If I remember correctly this problem presented itself because the
necklace itself was too short and I believe we used to correct by
making it longer so that the design hung lower on the neck.
Sometimes making it longer works, and sometimes it doesn’t. The
problem of flipping as follows:
Take standard chain of rectangular profile and 18 inches long. It has
right edge and left edge, both of the same length. Once such chain is
around a neck, the geometry completely changes. Instead of right and
left edges, it has inner and outer edges, and for the chain to lie
flat, these edges must be of different length.
Take 4mm width and 400mm length (approximately 18 inches). Inner edge
radius is 400 / 3.14 = 127.33mm, and radius of outer edge is computed
by adding chain width, which is equal to 131.33mm.
Calculating virtual length along the outer edge gives 131.33 * 3.14 =
Since we only have 400mm the missing 12.38 mm have to be found
somewhere. Depending on type of chain and link flexibility, a chain
could accommodate by opening spaces between links on outside. It
depends on number of links and connection type.
Given 2mm link, it takes 200 links to make 400mm chain. To
compensate difference in length between inner and outer edges, links
have to be spaced 12.38 / 200 = 0.06mm, which is reasonable. Such
chain will not flip because there is no stress created along outer
edge. However if number of links halved, the requirement become
0.12mm, which most of the chains do not have. This creates stress
along outer edge, which makes inner edge pop up (chain is trying to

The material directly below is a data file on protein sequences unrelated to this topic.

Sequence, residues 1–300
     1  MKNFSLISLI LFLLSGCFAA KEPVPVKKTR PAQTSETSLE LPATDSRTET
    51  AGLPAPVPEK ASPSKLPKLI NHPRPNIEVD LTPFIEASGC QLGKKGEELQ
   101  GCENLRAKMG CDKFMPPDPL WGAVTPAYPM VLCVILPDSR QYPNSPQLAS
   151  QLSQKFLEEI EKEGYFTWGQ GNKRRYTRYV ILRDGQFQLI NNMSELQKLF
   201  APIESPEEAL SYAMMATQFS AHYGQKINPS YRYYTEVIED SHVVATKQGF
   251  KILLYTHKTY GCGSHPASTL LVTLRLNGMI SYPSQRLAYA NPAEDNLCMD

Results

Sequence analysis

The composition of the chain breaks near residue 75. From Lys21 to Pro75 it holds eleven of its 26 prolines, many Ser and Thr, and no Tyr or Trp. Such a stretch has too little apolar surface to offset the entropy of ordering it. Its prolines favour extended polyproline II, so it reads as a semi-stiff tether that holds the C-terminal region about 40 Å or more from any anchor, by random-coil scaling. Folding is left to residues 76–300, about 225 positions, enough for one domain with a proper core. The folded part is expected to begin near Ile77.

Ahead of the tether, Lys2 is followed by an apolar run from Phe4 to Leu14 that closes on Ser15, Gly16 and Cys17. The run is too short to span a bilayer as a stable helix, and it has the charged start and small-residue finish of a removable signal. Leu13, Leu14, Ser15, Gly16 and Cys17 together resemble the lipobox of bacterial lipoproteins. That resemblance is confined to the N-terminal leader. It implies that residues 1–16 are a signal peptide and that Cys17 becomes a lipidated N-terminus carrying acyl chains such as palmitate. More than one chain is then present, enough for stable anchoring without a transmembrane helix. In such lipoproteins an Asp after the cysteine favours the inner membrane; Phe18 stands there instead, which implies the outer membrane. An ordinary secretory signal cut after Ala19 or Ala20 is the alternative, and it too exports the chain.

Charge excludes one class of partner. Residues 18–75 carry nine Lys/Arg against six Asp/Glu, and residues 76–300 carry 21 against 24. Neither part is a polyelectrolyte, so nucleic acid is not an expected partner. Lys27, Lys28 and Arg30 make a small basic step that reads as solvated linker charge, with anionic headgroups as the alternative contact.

equalize forces along both edges). When person bends forward,
resistance created by contact with skin is lost and chain achieves
equalization by flipping at midway points.
Increasing length of the chain may reduce link space requirement and
prevent flipping. Here is why: 400mm chain with 4mm links must have
0.12m link space not to stress. Commercial chains usually tighter
than that. Let’s increase length of chain to 500mm. Inner radius
becomes 159.24mm and outer radius becomes 163.24mm. The difference
between inner and outer length will be 12.5mm. Number of links is 125
and link distances will be 12.5 / 125 = 0.1mm. So by increasing
length of the chain we reduced stress by 20%, and increased weight of
the chain is also beneficial in preventing flipping. Wether or not it
is enough will depend on weight of pendent and geometry of
attachment. To make the long story short, the stress may be present,
but it may not be enough to flip. The necklace will only flip if
forces generated by stress is enough to overcome weight of pendent
and in some cases the weight of lower half of the chain.
It should be clear from the above, that all these issues should be
dealt with in design stage, rather than in post-fabrication.